Mexico mayors to be charged over alleged cartel links

An unidentified armed man from a vigilante group stands with his weapon at the entrance of Apatzingan in Michoacan on 9 February 2014 Residents of Michoacan formed vigilante groups to fight the Knights Templar

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Two serving and one former mayor in the western Mexican state of Michoacan are being held over allegations they have links to a notorious drugs cartel.

A federal judge has ordered they be charged with organised crime.

The move follows the publication on social media of videos showing them apparently meeting the leader of the Knights Templar cartel.

The Knights Templar control much of the methamphetamine and marijuana trade in western Mexico.

The federal chief of criminal investigations, Tomas Zeron, said the mayors of the towns of Huetamo and Patzcuaro, Dalia Santana and Salma Karrum, as well as the former mayor of Lazaro Cardenas, Arquimides Oseguera, would be charged.

Map of Mexico

Mr Oseguera was arrested back in April when he was still mayor of the port of Lazaro Cardenas, a stronghold of the Knights Templar.

Ms Santana and Ms Karrum are under arrest in Michoacan and Mexico City respectively.

Knights Templar cartel

• First emerged in 2011 as an offshoot of La Familia Michoacana drug cartel

• Takes its name from a Christian military order from the Middle Ages

• Claims to protect Michoacan residents from kidnappings, extortion and robberies committed by rival gangs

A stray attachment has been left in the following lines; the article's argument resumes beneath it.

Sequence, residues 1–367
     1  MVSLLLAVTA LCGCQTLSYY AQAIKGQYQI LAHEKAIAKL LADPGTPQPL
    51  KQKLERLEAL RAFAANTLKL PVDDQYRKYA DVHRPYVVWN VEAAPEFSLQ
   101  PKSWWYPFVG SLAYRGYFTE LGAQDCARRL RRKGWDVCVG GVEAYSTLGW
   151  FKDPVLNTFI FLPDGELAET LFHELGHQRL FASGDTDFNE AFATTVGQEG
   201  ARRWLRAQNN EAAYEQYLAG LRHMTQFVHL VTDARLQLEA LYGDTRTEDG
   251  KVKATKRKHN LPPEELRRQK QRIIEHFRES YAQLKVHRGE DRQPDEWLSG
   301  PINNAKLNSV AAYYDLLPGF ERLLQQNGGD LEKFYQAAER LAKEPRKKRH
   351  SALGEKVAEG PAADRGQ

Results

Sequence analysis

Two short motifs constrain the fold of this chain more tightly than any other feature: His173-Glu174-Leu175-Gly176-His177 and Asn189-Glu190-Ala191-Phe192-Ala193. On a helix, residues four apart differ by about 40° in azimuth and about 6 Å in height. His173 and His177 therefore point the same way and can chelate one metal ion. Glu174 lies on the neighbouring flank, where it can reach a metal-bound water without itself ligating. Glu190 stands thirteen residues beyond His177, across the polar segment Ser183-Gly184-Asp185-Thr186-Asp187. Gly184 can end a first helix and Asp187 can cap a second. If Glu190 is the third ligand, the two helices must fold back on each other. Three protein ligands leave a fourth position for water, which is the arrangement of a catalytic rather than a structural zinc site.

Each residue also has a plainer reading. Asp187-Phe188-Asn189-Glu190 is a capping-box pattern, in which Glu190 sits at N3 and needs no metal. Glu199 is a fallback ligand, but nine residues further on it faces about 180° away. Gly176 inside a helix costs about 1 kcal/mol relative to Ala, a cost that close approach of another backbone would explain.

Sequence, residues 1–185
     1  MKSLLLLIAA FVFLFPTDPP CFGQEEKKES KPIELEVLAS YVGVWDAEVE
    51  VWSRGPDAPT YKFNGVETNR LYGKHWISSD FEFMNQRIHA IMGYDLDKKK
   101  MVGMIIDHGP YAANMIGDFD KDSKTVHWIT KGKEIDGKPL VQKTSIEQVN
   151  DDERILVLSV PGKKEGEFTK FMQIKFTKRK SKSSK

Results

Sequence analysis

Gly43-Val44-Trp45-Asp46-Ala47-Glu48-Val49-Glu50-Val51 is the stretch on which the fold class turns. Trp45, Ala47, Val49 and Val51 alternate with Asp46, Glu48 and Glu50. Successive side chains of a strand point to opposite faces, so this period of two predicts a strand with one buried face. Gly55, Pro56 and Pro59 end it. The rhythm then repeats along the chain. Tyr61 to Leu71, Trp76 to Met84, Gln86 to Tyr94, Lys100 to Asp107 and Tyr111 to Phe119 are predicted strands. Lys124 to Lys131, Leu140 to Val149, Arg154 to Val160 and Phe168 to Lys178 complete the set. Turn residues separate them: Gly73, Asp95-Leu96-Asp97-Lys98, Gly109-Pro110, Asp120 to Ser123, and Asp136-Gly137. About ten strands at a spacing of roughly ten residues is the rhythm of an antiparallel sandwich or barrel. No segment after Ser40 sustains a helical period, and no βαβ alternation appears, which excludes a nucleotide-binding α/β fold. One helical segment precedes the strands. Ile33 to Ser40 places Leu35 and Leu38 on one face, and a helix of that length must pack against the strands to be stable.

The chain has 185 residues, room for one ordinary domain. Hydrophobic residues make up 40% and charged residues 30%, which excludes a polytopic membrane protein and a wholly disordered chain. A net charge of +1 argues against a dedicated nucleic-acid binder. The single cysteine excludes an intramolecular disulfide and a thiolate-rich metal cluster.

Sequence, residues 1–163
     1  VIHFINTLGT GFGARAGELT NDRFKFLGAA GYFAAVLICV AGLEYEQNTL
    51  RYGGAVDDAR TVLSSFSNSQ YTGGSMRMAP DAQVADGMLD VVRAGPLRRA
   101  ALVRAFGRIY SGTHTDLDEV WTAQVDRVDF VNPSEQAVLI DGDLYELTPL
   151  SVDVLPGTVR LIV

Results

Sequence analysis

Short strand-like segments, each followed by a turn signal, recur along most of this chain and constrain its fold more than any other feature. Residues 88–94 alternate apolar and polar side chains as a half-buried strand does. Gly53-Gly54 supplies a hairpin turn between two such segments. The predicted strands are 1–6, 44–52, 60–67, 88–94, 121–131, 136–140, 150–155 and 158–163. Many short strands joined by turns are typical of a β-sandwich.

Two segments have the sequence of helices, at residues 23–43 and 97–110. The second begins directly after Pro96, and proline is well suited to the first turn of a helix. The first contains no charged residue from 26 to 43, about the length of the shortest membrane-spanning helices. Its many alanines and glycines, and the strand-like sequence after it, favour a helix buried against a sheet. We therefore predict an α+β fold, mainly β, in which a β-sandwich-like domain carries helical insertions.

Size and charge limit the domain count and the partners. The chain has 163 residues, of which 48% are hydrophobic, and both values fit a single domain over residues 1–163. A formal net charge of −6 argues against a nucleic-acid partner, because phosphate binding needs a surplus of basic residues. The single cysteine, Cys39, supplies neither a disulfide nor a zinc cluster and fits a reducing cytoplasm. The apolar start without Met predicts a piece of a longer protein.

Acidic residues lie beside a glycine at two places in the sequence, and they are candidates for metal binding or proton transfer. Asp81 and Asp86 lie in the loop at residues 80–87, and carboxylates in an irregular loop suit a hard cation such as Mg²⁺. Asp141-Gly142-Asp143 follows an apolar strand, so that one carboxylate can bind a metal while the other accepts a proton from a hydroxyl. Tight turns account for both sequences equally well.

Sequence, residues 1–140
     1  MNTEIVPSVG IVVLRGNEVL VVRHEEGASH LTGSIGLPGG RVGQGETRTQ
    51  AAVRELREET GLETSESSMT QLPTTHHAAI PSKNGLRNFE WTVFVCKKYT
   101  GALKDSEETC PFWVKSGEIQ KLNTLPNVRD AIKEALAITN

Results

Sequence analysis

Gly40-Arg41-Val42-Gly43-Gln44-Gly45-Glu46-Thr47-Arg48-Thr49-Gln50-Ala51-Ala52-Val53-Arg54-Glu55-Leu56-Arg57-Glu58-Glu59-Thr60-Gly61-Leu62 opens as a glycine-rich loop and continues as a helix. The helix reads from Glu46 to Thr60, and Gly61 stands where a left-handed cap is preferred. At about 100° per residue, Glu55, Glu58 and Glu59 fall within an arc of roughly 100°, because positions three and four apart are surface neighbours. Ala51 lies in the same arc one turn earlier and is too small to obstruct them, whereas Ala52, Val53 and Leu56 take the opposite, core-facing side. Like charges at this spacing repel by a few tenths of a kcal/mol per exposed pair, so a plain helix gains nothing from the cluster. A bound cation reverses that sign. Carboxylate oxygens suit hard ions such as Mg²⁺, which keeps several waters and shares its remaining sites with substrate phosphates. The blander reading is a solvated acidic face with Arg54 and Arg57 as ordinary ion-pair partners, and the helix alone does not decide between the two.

• Controls much of the methamphetamine and marijuana trade in western Mexico


Mr Zeron said his office had obtained videos showing the three had had "at least two meetings" with Servando Gomez, the leader of the Knights Templar, also known as La Tuta.

The police have arrested or killed three out of the four main leaders of the Knights Templar over the past year but La Tuta remains at large.

Michoacan residents have long complained about alleged collusion between local government and the Knights Templar.

They say cartel members extort them and engage in kidnapping and intimidation.

In January, vigilante groups formed by disgruntled residents tried to expel the group from the region.

The vigilantes took control of several towns before federal forces were deployed to the area.

The Mexican government invited the vigilantes to join the official security forces and carry on the fight against the cartel.

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